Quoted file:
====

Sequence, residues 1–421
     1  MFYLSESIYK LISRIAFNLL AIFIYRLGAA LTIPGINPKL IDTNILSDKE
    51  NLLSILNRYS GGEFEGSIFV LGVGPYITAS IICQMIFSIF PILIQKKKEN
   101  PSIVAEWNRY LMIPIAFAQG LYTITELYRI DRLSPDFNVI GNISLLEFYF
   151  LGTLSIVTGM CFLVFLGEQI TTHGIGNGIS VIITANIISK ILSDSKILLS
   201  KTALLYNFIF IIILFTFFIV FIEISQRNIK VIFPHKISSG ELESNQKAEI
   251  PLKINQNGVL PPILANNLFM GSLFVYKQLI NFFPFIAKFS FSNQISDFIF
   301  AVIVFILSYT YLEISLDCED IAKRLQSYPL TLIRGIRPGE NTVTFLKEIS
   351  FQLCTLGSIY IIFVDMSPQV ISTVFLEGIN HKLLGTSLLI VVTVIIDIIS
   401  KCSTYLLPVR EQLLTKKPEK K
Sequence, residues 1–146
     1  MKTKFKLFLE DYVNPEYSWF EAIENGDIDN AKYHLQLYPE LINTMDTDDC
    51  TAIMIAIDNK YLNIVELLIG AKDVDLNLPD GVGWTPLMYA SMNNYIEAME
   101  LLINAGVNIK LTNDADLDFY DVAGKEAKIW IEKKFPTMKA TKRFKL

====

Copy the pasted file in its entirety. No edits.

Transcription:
Sequence, residues 1–421
     1  MFYLSESIYK LISRIAFNLL AIFIYRLGAA LTIPGINPKL IDTNILSDKE
    51  NLLSILNRYS GGEFEGSIFV LGVGPYITAS IICQMIFSIF PILIQKKKEN
   101  PSIVAEWNRY LMIPIAFAQG LYTITELYRI DRLSPDFNVI GNISLLEFYF
   151  LGTLSIVTGM CFLVFLGEQI TTHGIGNGIS VIITANIISK ILSDSKILLS
   201  KTALLYNFIF IIILFTFFIV FIEISQRNIK VIFPHKISSG ELESNQKAEI
   251  PLKINQNGVL PPILANNLFM GSLFVYKQLI NFFPFIAKFS FSNQISDFIF
   301  AVIVFILSYT YLEISLDCED IAKRLQSYPL TLIRGIRPGE NTVTFLKEIS
   351  FQLCTLGSIY IIFVDMSPQV ISTVFLEGIN HKLLGTSLLI VVTVIIDIIS
   401  KCSTYLLPVR EQLLTKKPEK K
Sequence, residues 1–146
     1  MKTKFKLFLE DYVNPEYSWF EAIENGDIDN AKYHLQLYPE LINTMDTDDC
    51  TAIMIAIDNK YLNIVELLIG AKDVDLNLPD GVGWTPLMYA SMNNYIEAME
   101  LLINAGVNIK LTNDADLDFY DVAGKEAKIW IEKKFPTMKA TKRFKL